Sooner or later the outside world will encroach on the individual. A Chelsea tractor driven by a safe-feeling mother will kill another mother’s kid, but that will be easily understood and palmed off as a one-off, an accident, even though, like most accidents, it could have been avoided if someone had cared enough. And sooner or later the whole world will encroach on the individual when the consequences of climate change start to really bite, but by then it will be too late even if that does prompt any realisation on the part of the individual about their position in society, in the wider scheme of things. Hey ho.

England Being English

Blue skies, white clouds, green trees and lambs in the field

England being English

A good long ride on the 16th, largely south of Reading, and with fairly decent weather too – nothing to complain about. It’s not that warm and it’s very unsettled, but of late England is starting to look, well, quite English – it’s starting to be richly green (though some trees are still to get going); there are lambs in the fields, fluffy white clouds against (occasional) blue skies …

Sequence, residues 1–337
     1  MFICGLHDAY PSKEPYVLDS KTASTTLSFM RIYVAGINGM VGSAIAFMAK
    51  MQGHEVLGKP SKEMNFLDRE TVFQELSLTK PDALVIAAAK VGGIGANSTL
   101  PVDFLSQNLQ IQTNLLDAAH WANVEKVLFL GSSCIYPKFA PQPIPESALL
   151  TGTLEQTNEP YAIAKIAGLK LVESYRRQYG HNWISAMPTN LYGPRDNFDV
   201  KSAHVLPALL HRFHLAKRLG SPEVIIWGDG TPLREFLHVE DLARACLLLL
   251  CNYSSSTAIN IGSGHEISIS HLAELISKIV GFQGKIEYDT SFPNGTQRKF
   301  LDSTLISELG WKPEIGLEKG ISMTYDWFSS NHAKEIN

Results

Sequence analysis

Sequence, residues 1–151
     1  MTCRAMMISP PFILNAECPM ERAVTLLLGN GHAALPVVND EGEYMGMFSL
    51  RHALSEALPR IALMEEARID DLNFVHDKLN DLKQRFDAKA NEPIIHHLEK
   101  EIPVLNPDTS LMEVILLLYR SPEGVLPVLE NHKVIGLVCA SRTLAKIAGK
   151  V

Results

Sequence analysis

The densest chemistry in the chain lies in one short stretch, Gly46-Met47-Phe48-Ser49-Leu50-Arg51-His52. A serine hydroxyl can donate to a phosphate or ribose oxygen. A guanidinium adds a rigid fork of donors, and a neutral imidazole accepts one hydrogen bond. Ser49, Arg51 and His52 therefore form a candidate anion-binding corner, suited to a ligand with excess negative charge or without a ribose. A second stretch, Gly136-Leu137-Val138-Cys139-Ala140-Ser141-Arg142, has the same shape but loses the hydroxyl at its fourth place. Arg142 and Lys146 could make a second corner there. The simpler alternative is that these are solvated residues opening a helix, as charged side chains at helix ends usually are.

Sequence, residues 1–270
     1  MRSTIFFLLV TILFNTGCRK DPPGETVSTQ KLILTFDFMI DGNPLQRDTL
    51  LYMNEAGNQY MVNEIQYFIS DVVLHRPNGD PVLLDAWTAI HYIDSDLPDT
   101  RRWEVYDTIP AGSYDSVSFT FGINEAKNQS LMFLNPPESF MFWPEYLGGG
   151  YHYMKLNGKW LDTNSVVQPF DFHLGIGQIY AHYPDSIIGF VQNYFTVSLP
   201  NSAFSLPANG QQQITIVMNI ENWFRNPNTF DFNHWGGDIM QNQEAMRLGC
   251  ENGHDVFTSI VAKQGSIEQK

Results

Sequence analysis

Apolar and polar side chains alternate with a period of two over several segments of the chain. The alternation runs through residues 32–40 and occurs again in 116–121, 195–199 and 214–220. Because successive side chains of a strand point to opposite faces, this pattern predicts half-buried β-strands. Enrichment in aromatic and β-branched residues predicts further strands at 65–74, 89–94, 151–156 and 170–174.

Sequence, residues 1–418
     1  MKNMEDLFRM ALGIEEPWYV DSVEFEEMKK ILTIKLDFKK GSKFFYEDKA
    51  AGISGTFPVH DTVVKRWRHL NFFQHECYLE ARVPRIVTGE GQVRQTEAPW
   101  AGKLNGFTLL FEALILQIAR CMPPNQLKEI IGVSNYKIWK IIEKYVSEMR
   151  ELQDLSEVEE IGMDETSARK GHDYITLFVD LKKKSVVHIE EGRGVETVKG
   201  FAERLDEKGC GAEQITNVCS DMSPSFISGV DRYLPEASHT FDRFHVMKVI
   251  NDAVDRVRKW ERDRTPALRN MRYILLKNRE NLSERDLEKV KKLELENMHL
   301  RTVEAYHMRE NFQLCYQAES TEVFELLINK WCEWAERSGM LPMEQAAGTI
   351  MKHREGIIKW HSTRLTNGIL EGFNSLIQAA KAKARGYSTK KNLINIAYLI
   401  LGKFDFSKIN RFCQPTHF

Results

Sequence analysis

And today’s ride up towards Wallingford was reasonable enough too, albeit with greyer skies. Two drivers caught my eye. Both would be listed as ‘normal’ under the R.U.M. categorization, but they both looked thoroughly harassed and miserable as I waved my run-of-the-mill acknowledgements to them. I could imagine they were miserable with me, the irritating cyclist slowing their progress for a few seconds, but in truth the way lines on their faces were so ingrained suggested they weren’t happy bunnies at the best of times. And so, perhaps, I ought be feeling sorry for them rather than thinking of them as miserable sods.

The second chap, particularly, looked thoroughly unhappy … perhaps he was. He was in a new, towards-the-top-of-the-range Audi, late middle-aged, pulling out from one of those expensive not quite ‘gated community’, not quite sheltered accommodation but nearly type of developments … Perhaps it’s all gone sour for him. Perhaps he’d hoped for a nice, secure-feeling retirement but it’s turned out to be terrifically dull. Perhaps he earned his deep-seated unhappiness working hard to buy all that he has, only to find it’s not what he wanted. I passed him. He had to wait behind me for a few yards before a crossroads; he hung back politely; I looked back to wave my thanks; he looked at me blankly and I turned left, he turned right.

R.U.M. Categories and The TK Challenge